PWRR obtained federal and state funding for the idle-control projects with help from grant writer MJ Bradley & Associates and non-profit air quality agency association the Northeast States for Coordinated Air Use Management (NESCAUM), as well as the Massachusetts Department of Environmental Protection and U.S. EPA, says Rutkowski.
Although PWRR doesn’t have any environmental projects planned beyond installing a few more APUs, the 545-mile regional expects to continue striving to be a better environmental steward.
“We’re always open to being greener here,” says Rutkowski.
In 2002, the Twin Cities & Western Railroad Co. (TCWR) began operating the Minnesota Prairie Line using two original GP10s.
But three years ago, the 229-mile short line determined it needed a few more locomotives for the line, so it purchased two GP38s that weren’t in use and refurbished them, says TCWR President Mark Wegner.
However, the two refurbished GP38s didn’t feature devices to control idling when the locomotives sat at a Hopkins, Minn., terminal. To keep non-running engines warm and control idling, TCWR used a portion of a $3 million EPA grant to install HOTSTART Inc. (formerly Kim Hotstart) units on each locomotive.
TCWR also uses a 5 percent biodiesel fuel on the Minnesota Prairie Line, up from a 2 percent blend it started with several years ago. The line now uses about 35,000 gallons of biodiesel fuel annually, says Wegner.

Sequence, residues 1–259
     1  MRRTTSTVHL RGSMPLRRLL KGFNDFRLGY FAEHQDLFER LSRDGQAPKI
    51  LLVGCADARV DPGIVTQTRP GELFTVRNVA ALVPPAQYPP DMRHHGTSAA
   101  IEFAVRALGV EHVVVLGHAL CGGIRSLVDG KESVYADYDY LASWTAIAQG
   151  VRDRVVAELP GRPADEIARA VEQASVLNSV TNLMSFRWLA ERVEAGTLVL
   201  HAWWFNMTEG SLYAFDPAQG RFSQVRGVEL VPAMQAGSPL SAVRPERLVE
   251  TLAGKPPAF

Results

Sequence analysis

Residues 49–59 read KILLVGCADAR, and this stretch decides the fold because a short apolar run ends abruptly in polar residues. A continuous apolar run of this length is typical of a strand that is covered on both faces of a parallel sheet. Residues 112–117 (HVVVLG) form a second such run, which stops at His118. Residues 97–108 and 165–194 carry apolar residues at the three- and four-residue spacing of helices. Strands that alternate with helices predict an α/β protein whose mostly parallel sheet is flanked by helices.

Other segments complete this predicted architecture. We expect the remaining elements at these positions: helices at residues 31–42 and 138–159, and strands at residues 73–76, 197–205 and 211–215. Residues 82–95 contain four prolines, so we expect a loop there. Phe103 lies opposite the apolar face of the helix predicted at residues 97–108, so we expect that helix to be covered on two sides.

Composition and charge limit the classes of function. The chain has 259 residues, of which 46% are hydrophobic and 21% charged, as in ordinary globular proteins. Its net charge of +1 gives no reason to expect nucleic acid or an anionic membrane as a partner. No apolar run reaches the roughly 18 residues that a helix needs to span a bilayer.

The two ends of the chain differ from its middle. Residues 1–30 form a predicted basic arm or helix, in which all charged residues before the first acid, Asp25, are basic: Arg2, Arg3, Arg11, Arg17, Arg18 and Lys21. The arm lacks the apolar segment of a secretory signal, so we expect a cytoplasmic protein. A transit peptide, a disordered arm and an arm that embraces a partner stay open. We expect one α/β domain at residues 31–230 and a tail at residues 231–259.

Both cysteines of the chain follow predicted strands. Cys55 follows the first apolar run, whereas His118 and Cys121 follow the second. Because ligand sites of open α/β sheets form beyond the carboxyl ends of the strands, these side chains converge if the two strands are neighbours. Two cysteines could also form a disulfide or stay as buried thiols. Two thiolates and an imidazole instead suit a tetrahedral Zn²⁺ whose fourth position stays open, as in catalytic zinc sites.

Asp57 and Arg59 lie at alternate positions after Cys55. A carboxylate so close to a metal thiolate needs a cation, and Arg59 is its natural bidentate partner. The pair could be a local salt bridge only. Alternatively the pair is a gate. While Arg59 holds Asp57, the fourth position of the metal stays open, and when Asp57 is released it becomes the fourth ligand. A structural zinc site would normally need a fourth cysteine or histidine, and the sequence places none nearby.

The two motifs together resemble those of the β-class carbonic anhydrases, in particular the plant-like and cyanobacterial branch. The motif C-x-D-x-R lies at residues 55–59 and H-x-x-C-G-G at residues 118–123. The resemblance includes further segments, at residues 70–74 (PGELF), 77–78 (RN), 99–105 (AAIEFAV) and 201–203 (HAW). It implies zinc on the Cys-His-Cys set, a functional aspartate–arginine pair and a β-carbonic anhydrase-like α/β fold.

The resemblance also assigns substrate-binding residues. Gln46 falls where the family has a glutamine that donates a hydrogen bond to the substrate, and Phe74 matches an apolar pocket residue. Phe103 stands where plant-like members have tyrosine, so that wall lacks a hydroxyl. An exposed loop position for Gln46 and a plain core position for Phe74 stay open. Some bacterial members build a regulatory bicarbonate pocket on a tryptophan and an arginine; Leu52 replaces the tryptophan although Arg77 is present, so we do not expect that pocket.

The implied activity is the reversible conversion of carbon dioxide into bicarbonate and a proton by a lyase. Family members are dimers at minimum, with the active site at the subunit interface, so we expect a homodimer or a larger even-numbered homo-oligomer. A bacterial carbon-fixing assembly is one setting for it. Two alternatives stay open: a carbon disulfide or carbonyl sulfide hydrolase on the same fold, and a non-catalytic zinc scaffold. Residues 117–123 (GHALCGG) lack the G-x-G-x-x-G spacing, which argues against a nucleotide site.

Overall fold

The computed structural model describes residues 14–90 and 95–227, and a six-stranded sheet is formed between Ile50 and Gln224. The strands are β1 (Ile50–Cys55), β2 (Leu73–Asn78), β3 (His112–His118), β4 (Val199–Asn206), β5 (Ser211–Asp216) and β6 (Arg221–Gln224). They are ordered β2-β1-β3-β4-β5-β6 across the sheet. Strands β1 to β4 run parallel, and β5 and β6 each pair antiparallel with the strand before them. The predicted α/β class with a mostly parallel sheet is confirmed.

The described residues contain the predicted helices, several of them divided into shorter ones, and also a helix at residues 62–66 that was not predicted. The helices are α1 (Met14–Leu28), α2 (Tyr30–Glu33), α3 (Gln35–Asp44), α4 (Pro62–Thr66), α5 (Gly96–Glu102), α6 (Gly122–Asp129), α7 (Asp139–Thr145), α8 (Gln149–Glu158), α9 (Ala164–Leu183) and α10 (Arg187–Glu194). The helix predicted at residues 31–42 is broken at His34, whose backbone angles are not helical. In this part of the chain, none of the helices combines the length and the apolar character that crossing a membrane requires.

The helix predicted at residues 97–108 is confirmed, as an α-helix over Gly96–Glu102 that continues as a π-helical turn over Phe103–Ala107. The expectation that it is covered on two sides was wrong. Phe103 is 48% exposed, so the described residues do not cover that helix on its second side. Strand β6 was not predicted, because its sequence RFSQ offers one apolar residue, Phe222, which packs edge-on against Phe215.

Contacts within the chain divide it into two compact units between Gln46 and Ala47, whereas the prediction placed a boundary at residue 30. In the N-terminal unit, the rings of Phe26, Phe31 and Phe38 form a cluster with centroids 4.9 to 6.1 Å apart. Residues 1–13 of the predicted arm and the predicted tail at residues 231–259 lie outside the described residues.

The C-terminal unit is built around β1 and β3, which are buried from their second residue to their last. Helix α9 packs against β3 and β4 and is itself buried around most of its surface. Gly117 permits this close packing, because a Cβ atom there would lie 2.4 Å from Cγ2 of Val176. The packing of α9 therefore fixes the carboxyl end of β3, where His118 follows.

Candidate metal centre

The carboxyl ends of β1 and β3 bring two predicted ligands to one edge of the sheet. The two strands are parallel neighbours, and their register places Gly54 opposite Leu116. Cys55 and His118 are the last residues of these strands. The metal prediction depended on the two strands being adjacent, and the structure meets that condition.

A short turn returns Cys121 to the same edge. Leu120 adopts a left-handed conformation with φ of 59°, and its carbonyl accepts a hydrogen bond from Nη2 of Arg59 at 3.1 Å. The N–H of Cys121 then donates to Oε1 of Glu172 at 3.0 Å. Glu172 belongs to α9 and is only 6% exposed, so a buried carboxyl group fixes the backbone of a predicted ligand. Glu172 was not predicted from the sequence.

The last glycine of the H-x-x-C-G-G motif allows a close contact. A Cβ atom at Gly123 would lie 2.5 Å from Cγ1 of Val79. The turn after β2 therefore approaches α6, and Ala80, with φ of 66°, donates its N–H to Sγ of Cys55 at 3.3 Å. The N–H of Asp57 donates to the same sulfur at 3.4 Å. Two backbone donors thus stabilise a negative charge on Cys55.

“We’ve always been environmentally conscious in terms of how we operate and what we do, and we try to be community-oriented,” he says.
However, the short line needs to consider its financial health when contemplating environmental projects, says Wegner.
A project that has a three- to five-year payback is easier to justify financially, but a project with a long-term payback — perhaps more than seven years — can be a difficult without some type of public collaboration, he says.
“This is where we work with our elected officials,” says Wegner. “Think of the tremendous carbon emissions created by traffic congestion. If you can somehow measure the changes objectively, then maybe the public says it’s worth investing public dollars in these projects.”
Additional reporting by Managing Editor Jeff Stagl. Desiree J. Hanford is a Chicago-based free-lance writer.